Now-a-days Windows developers increasingly need to get their hands dirty using the terminal (gasp!). Whether we’re executing some weird JavaScript build, spinning up a server in the cloud, calling npm, etc., the command line is becoming a more prominent part of our daily development lives. What are we to do when we are so used to the “Visual Studio-lization” of everything from our coding editing, to our source control, to our builds, etc.. Never fear! Behind all those fancy GUIs are a rich and powerful set of CLIs that are really not all that scary, and can actually make our development process faster. One area that you may, dare I say it, become a lover of the terminal is with source control. This is particularly true if you are using Git. Introducing posh-git!


Posh-git is not a new kind of terminal or some extra application we need to worry about running, but rather an enhancement to the existing PowerShell experience when interacting with a Git respository. Think of it as how TypeScript relates to JavaScript; its a super-set. According to the posh-git documentation it is simply:

A set of PowerShell scripts which provide Git/PowerShell integration

That is quite modest! Here are a few BIG wins that it gives us:

  • Super easy “installation” and configuration (it just works)
  • Useful information concerning the state of your Git branch, files, upstream and downstream changes, etc.
  • Tab completion for common Git commands

The best way to appreciate it’s benefits is to just set it up and start using it, so let’s go!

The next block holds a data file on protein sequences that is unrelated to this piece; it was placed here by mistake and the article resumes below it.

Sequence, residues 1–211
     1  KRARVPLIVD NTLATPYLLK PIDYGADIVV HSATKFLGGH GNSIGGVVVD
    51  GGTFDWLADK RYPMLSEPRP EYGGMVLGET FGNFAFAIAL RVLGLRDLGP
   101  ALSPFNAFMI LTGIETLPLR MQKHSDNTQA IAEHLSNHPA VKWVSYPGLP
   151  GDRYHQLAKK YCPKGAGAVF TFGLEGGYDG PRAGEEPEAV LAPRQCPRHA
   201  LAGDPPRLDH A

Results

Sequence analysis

Installation & Setup

To “install” posh-git simply clone the respository from GitHub:

git clone

It is now on our machine, TA-DA! Now we just need our PowerShell profile to load it when we start a PowerShell terminal, which could not be easier. Simply cd into the directory where we cloned posh-git and run .\install.ps1. This script will add a call to our PowerShell profile to load posh-git (it will create a profile for you if one does not already exist).

One thing I had to do was comment out a line from posh-git’s example profile that tries to start an ssh agent. I am not exactly sure what this is used for, but it was causing errors for me and commenting it out didn’t effect the functionality at all. Simply comment out the last line of the profile.example.ps1 file by pre-pending it with a # (this file is located where we cloned posh-git):

... the rest of the file ...

#Start-SshAgent -Quiet

You will need to run . $PROFILE in PowerShell (or just close and re-open the PowerShell terminal) to have the changes take effect.

NOTE: posh-git will now be loaded whenever you open a PowerShell terminal, so you’re all set up for the future.

Using posh-git

I didn’t feel like typing all this out and adding a bunch of screenshots, so… just watch the video at the top. It provides a nice overview of the functionality and compares the PowerShell/Git developer experience before and after using posh-git.